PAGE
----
What's the Problem?

Does Sola Scriptura work?


Read the following SMORE and answer the questions below. When you go home tonight, watch the video link at the bottom of this page, and answer the questions below it in your OneNote to be checked when I come back on Monday.

What is Sola Scriptura?

Sola Scriptura is the main pillar of protestant belief. Without it, Protestantism cannot stand. Even protestants today will admit that much.

Sola Scriptura, or "Scripture alone", was a belief of Martin Luther and the other first protestants that the Bible is the only source of absolute religious truth-- that Tradition and the Magisterium are man-made and, therefore, fallible (able to be wrong). His belief was that each individual should read and interpret the Bible for himself and let the Holy Spirit show him the truth of those Scriptures.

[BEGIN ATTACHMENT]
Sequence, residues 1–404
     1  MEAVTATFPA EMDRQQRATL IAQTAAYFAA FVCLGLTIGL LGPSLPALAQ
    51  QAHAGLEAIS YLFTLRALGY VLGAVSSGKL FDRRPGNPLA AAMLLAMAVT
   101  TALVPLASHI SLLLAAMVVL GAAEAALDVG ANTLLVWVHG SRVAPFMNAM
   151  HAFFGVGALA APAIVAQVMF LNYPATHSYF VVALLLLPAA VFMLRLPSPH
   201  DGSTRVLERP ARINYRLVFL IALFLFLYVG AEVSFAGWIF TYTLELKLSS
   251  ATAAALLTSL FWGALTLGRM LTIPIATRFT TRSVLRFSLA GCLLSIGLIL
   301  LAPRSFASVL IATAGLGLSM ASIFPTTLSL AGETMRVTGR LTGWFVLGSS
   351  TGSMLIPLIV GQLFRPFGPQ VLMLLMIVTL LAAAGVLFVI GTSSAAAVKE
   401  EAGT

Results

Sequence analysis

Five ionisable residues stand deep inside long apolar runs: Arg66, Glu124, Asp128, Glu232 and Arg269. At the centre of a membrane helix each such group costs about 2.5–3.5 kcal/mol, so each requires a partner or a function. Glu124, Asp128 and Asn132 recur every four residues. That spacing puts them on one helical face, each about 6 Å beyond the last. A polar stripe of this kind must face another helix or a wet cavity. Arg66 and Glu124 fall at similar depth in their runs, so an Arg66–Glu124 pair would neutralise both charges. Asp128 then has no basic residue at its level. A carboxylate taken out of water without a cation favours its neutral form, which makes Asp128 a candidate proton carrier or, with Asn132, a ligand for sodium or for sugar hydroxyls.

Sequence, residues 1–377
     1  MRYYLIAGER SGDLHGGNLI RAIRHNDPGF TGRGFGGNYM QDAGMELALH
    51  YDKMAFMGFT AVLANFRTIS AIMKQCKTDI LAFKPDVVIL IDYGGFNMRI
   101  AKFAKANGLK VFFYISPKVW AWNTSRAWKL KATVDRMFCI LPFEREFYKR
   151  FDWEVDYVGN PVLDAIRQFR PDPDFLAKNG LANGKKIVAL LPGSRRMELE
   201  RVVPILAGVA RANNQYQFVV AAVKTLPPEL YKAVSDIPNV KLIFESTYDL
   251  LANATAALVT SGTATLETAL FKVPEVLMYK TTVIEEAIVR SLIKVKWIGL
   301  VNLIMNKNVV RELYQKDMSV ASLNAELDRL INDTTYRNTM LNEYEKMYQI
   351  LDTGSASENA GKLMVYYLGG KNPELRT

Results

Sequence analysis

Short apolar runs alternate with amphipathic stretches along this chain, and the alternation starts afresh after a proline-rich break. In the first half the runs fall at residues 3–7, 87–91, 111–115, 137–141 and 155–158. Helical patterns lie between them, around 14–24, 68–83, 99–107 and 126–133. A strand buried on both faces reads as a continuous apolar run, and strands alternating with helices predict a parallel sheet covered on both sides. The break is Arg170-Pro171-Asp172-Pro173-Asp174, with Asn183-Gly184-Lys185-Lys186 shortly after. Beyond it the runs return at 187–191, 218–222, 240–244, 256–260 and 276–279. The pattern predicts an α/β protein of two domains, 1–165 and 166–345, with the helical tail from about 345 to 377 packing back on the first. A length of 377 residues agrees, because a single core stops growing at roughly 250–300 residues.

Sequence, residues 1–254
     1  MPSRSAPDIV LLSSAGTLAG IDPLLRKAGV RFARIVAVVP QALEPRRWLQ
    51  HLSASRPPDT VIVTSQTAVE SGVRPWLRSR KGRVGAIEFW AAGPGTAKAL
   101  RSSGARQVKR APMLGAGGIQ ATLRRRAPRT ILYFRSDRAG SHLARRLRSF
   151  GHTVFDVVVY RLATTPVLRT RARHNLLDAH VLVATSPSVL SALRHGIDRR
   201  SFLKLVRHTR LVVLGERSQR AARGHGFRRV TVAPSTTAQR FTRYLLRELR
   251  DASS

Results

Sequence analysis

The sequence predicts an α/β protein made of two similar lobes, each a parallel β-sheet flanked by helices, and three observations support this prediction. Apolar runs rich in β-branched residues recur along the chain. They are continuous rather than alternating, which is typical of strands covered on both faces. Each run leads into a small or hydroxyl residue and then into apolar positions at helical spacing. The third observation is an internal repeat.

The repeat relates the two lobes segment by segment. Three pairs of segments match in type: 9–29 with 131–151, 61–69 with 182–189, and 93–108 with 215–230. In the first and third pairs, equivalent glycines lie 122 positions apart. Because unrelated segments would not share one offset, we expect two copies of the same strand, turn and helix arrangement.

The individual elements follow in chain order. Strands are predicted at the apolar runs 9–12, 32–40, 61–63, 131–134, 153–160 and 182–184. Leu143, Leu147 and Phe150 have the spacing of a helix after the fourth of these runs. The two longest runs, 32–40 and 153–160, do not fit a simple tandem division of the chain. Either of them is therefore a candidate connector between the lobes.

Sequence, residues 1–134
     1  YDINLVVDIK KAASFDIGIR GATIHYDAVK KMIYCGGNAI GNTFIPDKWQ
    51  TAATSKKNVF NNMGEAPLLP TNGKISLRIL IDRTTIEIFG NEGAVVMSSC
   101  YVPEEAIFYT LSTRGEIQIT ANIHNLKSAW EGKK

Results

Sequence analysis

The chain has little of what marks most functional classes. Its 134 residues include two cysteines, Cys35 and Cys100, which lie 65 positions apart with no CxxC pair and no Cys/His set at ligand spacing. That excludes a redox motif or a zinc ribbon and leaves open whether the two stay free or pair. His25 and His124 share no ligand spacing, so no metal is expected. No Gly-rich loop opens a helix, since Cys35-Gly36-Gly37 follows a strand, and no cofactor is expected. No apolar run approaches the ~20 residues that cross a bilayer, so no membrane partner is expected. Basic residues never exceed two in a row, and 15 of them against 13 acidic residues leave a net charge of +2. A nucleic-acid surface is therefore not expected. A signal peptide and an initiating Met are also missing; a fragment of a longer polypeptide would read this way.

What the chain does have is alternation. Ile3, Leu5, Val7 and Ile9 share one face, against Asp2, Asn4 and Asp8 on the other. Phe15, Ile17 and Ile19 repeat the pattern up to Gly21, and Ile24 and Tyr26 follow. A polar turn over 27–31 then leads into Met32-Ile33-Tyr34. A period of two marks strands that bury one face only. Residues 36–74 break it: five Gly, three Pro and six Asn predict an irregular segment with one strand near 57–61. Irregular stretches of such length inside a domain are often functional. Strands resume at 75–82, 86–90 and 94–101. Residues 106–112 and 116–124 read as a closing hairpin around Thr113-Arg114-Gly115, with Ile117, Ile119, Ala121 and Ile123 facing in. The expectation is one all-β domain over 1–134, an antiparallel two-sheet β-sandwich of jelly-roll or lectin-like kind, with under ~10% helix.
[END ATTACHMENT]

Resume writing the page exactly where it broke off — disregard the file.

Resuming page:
It was because of his belief that the Magisterium and Tradition were fallible that Martin Luther eventually broke away from the Catholic Church and ended up starting his own church, causing many others to do the same.

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Why did Luther profess Sola Scriptura in the first place?

Let's look at the reasons behind it.

Luther lived at a time when the political and ecclesiastical world were chaotic. The Hundred Years War and the Black Death had caused Europe's political and social structures to shift dramatically and rapidly. The Church had experienced turmoil in the Avignon Papacy (a time when the popes lived in France and were highly affected by the will of the French Crown) and in the Western Schism (when few were aware who the true pope was). He also lived at a time of Renaissance, when many popes and clergy were more concerned with wealth and power than they were with the spiritual needs of the Church.